Navigating risks while taking action to manage overdraft/non-sufficient funds fees

Banks can take several steps to mitigate challenges surrounding overdraft/NSF fee lawsuits and enforcement actions.

By Therese Kieffer

In recent years, financial institutions have faced numerous lawsuits on overdraft and non-sufficient funds fees practices and disclosures. Regulators have also been taking a hard look at such practices and disclosures—and have handed out several findings or even consent orders alleging unfair, deceptive, or abusive acts or practices (UDAAP). Given the regulatory and litigation risks, financial institutions should understand some of the more common practices at issue, and steps they can take to mitigate the risks.

“Authorize positive, settle negative” overdraft fees

TOOLKIT–Download an ABA staff analysis on overdraft fees from “authorize positive, settle negative” transactions.
One of the most common practices targeted by lawsuits and enforcement actions is the “authorize positive, settle negative” scenario, or “APSN.” This occurs, for example, when a debit card transaction is initially authorized against an amount available in the account. Prior to settlement, however, intervening transactions reduce the available balance, resulting in an overdraft when the authorized transaction finally settles.

Lawsuits typically argue that this is a breach of contract, since the account agreements suggest that the financial institution would set aside funds at the time of authorization in order to pay for that transaction. The customer’s understanding is that those funds would not be used for anything except the authorized transaction.

Agencies have historically viewed this practice as “deceptive,” when the disclosures are unclear, but more recently are calling it “unfair.” For example, the CFPB’s December consent order against a large bank simply describes APSN overdrafts as “unfair” since consumers could not reasonably avoid the fees, and they were not outweighed by any countervailing benefit. This position was reinforced in more detail in the CFPB’s October Circular and most recently in a special Supervisory Highlights, in which the CFPB observed that consumers could not reasonably avoid the injury caused by unfair APSN overdraft fees, regardless of the content of disclosures.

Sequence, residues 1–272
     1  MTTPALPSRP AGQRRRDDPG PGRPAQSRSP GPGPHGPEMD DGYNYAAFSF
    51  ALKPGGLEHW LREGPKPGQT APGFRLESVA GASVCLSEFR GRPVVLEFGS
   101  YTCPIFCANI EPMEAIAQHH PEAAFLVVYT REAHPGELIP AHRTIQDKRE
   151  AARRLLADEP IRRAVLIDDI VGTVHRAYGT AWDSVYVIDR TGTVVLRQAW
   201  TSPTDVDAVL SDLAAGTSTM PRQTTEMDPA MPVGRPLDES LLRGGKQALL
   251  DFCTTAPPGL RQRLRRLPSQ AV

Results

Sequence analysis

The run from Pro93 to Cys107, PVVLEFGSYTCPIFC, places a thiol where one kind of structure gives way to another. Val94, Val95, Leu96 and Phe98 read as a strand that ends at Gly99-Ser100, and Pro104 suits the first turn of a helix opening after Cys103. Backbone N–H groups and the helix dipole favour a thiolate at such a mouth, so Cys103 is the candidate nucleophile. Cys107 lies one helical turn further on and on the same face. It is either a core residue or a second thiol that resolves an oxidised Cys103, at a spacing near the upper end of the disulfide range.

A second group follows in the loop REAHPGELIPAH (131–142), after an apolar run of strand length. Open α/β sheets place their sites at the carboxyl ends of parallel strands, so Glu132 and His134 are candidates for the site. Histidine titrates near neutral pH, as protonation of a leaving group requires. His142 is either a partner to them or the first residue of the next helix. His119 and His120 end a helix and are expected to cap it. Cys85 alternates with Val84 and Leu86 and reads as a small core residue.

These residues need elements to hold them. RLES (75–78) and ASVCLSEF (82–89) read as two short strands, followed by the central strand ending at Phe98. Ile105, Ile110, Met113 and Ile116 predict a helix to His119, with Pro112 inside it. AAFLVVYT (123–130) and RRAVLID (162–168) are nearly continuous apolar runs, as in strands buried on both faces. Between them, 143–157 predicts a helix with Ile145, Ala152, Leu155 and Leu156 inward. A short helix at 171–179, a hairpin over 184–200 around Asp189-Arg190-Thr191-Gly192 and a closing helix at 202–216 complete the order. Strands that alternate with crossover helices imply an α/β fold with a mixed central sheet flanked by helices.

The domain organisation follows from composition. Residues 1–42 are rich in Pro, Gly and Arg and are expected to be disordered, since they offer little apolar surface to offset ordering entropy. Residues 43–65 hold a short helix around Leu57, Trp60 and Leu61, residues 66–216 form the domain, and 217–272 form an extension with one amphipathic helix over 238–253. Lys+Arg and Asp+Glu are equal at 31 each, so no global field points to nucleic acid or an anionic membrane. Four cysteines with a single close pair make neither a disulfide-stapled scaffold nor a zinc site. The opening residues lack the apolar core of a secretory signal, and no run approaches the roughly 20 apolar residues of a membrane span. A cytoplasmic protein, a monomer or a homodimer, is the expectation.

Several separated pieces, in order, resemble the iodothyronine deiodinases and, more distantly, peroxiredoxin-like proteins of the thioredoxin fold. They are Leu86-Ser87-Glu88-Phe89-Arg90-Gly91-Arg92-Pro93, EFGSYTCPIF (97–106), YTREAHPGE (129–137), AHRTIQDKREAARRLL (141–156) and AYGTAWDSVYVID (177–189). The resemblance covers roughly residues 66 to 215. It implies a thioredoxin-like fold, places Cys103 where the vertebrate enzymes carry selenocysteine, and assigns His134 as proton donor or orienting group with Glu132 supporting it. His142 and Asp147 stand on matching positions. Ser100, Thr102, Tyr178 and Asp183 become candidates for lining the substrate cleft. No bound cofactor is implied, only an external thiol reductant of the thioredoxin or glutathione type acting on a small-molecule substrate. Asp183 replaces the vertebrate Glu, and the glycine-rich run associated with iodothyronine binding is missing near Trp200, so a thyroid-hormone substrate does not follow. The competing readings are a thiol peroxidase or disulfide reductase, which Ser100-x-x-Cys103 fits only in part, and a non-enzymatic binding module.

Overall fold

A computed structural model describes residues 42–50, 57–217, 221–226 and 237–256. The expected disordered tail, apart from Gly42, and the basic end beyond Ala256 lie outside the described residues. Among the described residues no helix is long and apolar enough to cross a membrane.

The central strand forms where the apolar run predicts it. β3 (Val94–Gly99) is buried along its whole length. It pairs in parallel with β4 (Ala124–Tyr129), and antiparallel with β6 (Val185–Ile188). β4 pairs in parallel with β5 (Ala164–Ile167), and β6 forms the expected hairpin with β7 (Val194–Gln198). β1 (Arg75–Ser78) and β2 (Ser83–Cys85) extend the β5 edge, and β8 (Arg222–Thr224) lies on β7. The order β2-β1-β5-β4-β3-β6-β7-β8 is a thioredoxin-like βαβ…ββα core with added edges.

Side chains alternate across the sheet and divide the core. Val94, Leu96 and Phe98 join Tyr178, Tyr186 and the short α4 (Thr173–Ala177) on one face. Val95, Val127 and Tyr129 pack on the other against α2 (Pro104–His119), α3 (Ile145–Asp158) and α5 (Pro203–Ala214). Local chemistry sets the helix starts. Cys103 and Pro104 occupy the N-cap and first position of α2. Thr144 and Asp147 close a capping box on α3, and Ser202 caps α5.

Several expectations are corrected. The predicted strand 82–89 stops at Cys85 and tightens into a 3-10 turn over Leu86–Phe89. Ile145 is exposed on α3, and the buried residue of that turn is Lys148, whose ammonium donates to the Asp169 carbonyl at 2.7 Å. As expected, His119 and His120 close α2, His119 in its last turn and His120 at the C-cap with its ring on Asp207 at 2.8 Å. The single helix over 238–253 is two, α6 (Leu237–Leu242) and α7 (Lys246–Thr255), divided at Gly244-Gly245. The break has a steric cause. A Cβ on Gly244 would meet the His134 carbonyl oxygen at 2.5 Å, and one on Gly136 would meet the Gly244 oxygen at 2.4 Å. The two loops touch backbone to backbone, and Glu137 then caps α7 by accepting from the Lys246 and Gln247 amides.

Other regulators have taken the same position, including the New York Department of Financial Services which recently stated they expect financial institutions to “discontinue the practice” of charging overdraft fees related to APSN transactions.

Non-sufficient funds NSF fees on re-presentment

Another common enforcement and litigation target is the practice of charging a non-sufficient funds fee on a check or other item that is being re-presented due to nonpayment the first time. Consumers often do not understand that the financial institution has no control over when or how often a check is re-presented.

Lawsuits again typically center around the disclosures, which often say a fee may be charged “per item,” but do not explicitly state that a fee may be charged each time a check is re-presented for payment by the merchant. Courts have made decisions both in favor of and against plaintiffs in this area.

Regulators have indicated this may be a deceptive practice under UDAP or UDAAP if the disclosures do not clearly describe when a fee may be charged. But they also view this as a potentially unfair practice if consumers are not properly informed at the time of the NSF and are not given adequate time to bring their account balance current.

Action items for financial institutions

Financial Institutions can take several steps to mitigate the risks surrounding these overdraft/NSF fee lawsuits and enforcement actions.

First, to address deception concerns, institutions must review and update their account agreements and disclosures to ensure that they are clear and match the institution’s actual practices. Particular attention should be paid to disclosing how the account balance is calculated; how the account balance may be affected by transactions that intervene between authorization and settlement; how frequently a fee may be assessed on a transaction; whether the “same” transaction may be subject to additional fees if re-presented by the merchant; as well as any maximum fees a single transaction might incur.